Chapter 14 - Just Like Home
“Take a left up here,” she said as the tall buildings buzzed past us, her knees held to her chest as her feet rested on the glovebox of the car.
“That’s dangerous you know,” I said as I slowed down and took the corner.
“Then don’t crash,” she said sighing and looking at me with a blank expression.
I opened my mouth and closed it a few times, lost for words, “I don’t know if anyone plans on crashing.”
She chuckled and I could feel her watching me, “Nate, darling, you’re a werewolf, an Alpha, no less. You have superhuman reflexes and speed, I’m not worried about you crashing the car.”
I frowned and glanced at her for a second, “take this right,” she said interrupting my train of thought and turned my indicator on and took the corner.
“It’s just up here on the left, pull into the driveway here,” she said, taking her knees off the dashboard and pointing at a tall white building that was surrounded by trees. “Go into the car park, I have two spots but one car,” she smiled, and I followed her instructions. I stopped in front of a large gate and she up clipped her seat belt, leaning across the centre console, her chest brushing on my arm as she leaned out the window. Her fingers danced across the keypad and the as she flopped back into her seat, the gate groaned and slid out of the way.
“Where am I parking?”
“Next to my car, the black sedan,” she hummed, pointing to at a sleek and freshly polished car.
Once I’d parked the car, she took my hand in her own and guided me into the building, where in could smell the lingering scents of Jamie and Angel in the hallways, she pressed the elevator button and dragged md in a moment later. Hitting the top and tenth floor, “This place seems nice,” I said shifting my feet uncomfortably.
“It is,” she said with a smile and gave my hand a squeeze, “But it’s the view that makes it worth it. I think you’ll like it.”
The elevator fell into silence again as we both stood staring at the metal doors, “You knows I’m taking you here, so you know where I am,” she said, her words kind and echoing around in my mind.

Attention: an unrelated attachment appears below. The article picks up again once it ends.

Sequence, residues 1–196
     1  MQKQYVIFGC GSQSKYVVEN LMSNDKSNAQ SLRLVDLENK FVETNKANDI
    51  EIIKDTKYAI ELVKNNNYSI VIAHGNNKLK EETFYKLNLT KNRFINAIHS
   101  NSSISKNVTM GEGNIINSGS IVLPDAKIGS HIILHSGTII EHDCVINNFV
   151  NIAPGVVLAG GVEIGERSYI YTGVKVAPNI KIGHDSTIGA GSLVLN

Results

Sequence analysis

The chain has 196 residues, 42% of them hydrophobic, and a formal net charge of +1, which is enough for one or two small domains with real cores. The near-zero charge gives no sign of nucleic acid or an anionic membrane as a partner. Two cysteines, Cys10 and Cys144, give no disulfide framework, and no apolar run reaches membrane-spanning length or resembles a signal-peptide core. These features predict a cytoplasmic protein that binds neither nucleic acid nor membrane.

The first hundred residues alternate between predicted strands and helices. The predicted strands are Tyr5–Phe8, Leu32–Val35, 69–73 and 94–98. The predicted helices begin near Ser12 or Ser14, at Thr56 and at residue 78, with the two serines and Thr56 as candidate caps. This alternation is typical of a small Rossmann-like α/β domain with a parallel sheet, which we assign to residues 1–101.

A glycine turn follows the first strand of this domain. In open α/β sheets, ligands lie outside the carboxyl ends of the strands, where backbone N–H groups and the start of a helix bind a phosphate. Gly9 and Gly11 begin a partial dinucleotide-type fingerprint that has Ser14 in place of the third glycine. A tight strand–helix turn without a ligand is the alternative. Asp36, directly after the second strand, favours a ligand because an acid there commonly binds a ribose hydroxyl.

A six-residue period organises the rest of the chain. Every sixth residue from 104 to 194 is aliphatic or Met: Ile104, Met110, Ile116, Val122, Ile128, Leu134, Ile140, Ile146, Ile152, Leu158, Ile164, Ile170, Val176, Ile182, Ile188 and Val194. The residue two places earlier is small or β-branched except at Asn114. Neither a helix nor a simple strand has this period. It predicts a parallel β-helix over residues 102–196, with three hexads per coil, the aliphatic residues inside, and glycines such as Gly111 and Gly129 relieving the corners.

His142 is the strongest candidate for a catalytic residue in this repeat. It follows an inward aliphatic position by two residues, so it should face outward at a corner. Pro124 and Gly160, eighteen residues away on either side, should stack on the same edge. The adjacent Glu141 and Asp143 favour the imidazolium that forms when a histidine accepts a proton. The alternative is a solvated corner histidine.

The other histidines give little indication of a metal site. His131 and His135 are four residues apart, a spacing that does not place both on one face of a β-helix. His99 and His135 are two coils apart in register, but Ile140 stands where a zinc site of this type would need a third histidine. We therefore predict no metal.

“It dosen’t smell like you,” I said as we stepped out into the hallway, and she took a key out from on top of the door frame. “Also, that’s not very safe,” I said as she unlocked the door.
She turned back and cocked her head at me, “Where the fuck was I meant to put a key if I’m out of town for a weekend? Werewolves don’t have pockets,” she said and she walked into her apartment, flicking the light switch on and filling the room with golden light.
“Hey Google, can you turn the coffee machine on?” she said stretching her arms above her head.
“Good morning, Alice,” a voice said echoing through the house, “I have turned the coffee machine on.”
“What was that?” I said looking at the box where the voice came from.
She turned around and looked at me, a smirk forming on her face, “it’s my Google home system,” she said laughing a little, “Technology integrated house.”
“I know what Google Home is!” I said defensively, crossing my arms and following her down the hallways, into a luxurious open living area. There was a continued theme of whites and greys from the colour of the couch, to the kitchen, everything worked harmoniously and seemed to flow seamlessly.
“Make yourself at home, and look out the balcony,” she said gesturing her head towards the sheer white curtains that were still closed.
She disappeared down another hallway past the living room and I walked towards the balcony, pulling the curtains out of the way.